Hi there, guys and dolls! Well, yours truly was one happy glamper this week when my good friend Amy Beth Arkawy’s name floated up to the top of the martini pitcher to be picked as this month’s Take 5 guest. So why don’t you all settle in and get to know the delightful Ms. Amy and find out more about her Goodship tales?
The series revolves around Eliza Gordon-retired child star and soap actress who now runs Soup Opera, the popular eatery in the suburban hamlet of Goodship, NY-and her best pal, radio DJ Midge Sumner. Their personal lives: Eliza’s a young widow romantically involved with Tom Santini, Goodship’s dishy police chief (yep, her sleuthing strains their precarious romance); Midge has a philandering celebrity chef hubby and two kids, are intertwined with their sleuthing escapades. I am as intrigued by their lives- as well as those of their fellow Goodshipians- as much as the mysteries they try to solve. So I hope to dig deeper and create richer story lines as the series unfolds and evolves.
2. What is your writing process like? Do you thrive on routine or work spontaneously as the whim takes you?
A little of both. As a creativity coach and writing teacher I always encourage folks to be disciplined and carve out writing time in their daily schedules. I try to adhere to that practice and commit to at least two hours daily. But life’s juggling act sometimes gets in the way. Sometimes you have to cajole the muse and sometimes the muse puts you in front of the page at 3 AM.
3. What exciting moment or moments that made you realize that you were really an “author?”
That’s a great question because I’ve always been a writer, but author connotes a certain level of accomplishment. I guess it’s been a series of firsts. The first time I saw one of my plays produced and took in the audience’s uproarious laughter and applause. The first time I signed a book contract, saw my name on published book, first fan letter, first book signing, first royalty check. It happens over and over. And it’s always both a delightful rush and a sense of well earned achievement. I hope it will always take me a little off guard. The trippy reality helps celebrate the joy and excitement while motivating the hard work to take my talents and career to the next level.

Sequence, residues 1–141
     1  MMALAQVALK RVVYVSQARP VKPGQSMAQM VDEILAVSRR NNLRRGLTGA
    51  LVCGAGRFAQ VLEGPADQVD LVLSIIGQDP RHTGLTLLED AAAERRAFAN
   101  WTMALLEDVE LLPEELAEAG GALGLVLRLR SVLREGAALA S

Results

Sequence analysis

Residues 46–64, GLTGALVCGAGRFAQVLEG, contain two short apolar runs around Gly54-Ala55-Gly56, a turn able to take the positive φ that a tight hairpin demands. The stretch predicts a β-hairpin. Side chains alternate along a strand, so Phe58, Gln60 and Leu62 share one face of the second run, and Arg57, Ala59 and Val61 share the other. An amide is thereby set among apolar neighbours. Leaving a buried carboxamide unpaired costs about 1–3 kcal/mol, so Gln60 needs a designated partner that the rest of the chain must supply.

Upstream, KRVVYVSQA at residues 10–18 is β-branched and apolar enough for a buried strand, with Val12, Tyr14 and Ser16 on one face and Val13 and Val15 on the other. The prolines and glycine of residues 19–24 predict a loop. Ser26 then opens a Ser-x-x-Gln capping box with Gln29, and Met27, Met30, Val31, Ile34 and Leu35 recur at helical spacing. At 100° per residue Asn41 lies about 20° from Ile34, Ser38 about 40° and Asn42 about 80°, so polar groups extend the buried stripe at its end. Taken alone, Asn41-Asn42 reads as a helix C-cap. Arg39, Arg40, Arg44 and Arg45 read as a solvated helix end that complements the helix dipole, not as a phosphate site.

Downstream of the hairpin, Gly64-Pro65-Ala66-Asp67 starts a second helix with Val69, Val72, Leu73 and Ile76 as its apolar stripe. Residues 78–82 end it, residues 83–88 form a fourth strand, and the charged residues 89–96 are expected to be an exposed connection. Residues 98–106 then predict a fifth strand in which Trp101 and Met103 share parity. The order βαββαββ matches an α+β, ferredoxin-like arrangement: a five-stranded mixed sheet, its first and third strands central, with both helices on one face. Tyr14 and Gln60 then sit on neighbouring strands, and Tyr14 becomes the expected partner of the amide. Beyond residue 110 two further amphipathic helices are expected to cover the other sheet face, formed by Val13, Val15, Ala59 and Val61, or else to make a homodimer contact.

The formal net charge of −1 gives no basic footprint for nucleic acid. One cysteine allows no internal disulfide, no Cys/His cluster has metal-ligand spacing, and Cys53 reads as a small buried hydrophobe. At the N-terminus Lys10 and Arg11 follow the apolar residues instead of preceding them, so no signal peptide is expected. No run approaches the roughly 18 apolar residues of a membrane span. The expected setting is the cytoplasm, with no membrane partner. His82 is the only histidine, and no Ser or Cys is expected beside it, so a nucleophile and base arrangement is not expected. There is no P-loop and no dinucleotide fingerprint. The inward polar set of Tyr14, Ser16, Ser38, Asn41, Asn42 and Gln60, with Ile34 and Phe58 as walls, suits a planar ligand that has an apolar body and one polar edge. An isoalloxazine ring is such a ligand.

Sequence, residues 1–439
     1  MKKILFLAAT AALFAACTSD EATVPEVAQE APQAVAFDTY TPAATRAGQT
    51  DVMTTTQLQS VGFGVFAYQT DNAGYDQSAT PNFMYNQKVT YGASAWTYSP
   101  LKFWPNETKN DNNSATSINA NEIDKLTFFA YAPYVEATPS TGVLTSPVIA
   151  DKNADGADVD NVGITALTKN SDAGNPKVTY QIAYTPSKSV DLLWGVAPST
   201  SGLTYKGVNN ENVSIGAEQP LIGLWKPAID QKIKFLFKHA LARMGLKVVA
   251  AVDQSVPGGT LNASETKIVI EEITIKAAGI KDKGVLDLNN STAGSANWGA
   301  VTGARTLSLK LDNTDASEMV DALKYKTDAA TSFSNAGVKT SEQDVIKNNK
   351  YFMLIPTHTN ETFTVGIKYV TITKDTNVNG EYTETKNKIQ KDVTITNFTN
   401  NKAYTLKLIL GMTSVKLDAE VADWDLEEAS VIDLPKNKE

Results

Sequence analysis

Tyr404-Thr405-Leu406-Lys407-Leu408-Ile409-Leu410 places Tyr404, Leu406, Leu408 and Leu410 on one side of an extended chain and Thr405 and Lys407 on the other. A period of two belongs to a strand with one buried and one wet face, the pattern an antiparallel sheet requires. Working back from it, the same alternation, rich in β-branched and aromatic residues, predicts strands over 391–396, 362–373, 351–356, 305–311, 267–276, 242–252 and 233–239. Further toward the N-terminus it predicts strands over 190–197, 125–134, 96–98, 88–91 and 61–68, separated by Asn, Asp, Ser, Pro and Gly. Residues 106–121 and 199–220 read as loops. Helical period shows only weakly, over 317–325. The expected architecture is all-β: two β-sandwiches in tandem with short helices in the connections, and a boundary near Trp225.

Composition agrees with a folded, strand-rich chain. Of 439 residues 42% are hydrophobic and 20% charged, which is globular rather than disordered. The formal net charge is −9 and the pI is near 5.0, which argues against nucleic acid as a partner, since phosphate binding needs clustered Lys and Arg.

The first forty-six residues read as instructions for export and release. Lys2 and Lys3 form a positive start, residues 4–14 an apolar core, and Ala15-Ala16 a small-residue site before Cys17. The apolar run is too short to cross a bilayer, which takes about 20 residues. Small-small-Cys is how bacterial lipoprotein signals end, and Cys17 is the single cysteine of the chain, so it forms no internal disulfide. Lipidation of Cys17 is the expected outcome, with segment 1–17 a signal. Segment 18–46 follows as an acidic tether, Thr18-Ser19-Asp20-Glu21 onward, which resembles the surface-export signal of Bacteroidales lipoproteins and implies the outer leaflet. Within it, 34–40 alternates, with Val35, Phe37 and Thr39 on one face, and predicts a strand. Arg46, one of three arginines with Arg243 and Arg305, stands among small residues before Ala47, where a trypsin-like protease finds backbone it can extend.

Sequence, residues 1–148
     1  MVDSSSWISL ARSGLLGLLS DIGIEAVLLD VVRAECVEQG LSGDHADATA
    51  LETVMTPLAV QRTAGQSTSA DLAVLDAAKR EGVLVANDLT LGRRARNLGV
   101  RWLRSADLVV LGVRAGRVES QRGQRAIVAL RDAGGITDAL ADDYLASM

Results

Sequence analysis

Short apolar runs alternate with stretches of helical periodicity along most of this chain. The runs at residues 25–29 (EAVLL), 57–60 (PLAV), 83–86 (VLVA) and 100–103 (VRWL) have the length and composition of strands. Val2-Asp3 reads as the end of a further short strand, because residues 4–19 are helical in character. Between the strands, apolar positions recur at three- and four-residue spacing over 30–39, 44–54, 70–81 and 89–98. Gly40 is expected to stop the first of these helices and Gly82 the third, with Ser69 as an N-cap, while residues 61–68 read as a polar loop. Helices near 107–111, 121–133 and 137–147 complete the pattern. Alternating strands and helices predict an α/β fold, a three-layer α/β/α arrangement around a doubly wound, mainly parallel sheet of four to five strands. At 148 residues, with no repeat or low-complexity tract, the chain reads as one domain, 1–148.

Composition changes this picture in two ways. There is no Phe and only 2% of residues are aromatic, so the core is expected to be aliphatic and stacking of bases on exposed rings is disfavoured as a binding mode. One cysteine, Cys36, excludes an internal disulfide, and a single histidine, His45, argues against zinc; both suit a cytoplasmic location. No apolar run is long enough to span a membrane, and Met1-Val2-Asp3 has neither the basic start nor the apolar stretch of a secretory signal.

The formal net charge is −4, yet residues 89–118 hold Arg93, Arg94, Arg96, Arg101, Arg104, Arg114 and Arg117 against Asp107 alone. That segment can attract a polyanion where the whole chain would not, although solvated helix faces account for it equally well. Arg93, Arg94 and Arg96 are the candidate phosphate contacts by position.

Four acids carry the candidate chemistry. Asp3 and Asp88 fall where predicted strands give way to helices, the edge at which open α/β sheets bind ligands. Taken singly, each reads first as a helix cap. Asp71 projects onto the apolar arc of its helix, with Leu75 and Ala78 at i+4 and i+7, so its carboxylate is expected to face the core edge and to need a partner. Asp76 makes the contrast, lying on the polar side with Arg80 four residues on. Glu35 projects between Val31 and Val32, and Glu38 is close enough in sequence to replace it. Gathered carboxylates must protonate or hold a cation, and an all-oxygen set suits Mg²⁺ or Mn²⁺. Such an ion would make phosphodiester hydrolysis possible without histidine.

4. What do you do to spark up your creativity when you feel the well of inspiration is running dry?
To be honest, the well seldom runs dry for me, but I often suffer from “idea overload.” When too many stories and characters are rumbling around your head, it’s hard to focus. I try to wait for the loudest voice to come through; that’s the character whose story needs to be told next. But when I’m in between projects, I’ll go story shopping at the local coffee shop. Listening to snatches of conversation, people watching, taking in the whole scene is a great creative jumpstart. And I have a prompt bag I use for writing workshops-photos, song lyrics, movie lines, objects, ideas-and I’ll just pull one out and see what it sparks.
5. Who are some of your favorite authors and how do you feel they have influenced your desire to write?
Another tough one, BJ. There are so many. I have a rotating shelf filled with favorites. I love Virginia Woolf; she was the first author who gave me permission to delve into the subconscious, to play with a character’s interior life. So I guess it’s no surprise that I’m also a big Michael Cunningham fan; his Pulitzer Prize winning The Hours is an homage to Mrs. Dalloway. But I enjoy his earlier novels, too. I like a lot of mystery and suspense authors. I’m a big fan of Patricia Highsmith, author The Talented Mr. Ripley and Strangers on a Train. Again, I am drawn into the psychological exploration as well as the way she deftly interweaves it with suspenseful plots, And I’ve gotten hooked on Gillian Flynn, author of the bestselling blockbuster thriller Gone Girl. Recently I read her first book, Sharp Objects. While she engages in a little more of what Elmore Leonard called the hoopdedoodle (too much description of settings, etc), for my taste, Flynn is a wonderful writer with an uncanny ability to lure in the reader. She also delves into the dark side with raw, authentic emotion and a literary finesse I hope I can pull off in my forthcoming psychological thriller.
I’m also a lover of short fiction; Raymond Carver, Jayne Anne Phillips, Alice Munro and Ellen Gilchrist are among my favorites. I am re-reading and savoring Flights of Angels a fabulous Gilchrist collection. There’s something so vibrant about her writing, the way she plays with point of view and develops fascinating characters that is both intimidating and inspiring.
It was nice to get to know you better, Amy Beth! Be sure to visit her website — Amy Beth Arkawy, her Amazon Page and Twitter. She also does a fab Blogtalk Radio Show, which I’ve had the pleasure of guesting on as my alter ego authors Andrea and Heather. And don’t forget Facebook, you can connect with her there, too. I heartily endorse her series — Eliza Gordon is my kind of gal–a savvy, sweet and ‘souper ’sleuth!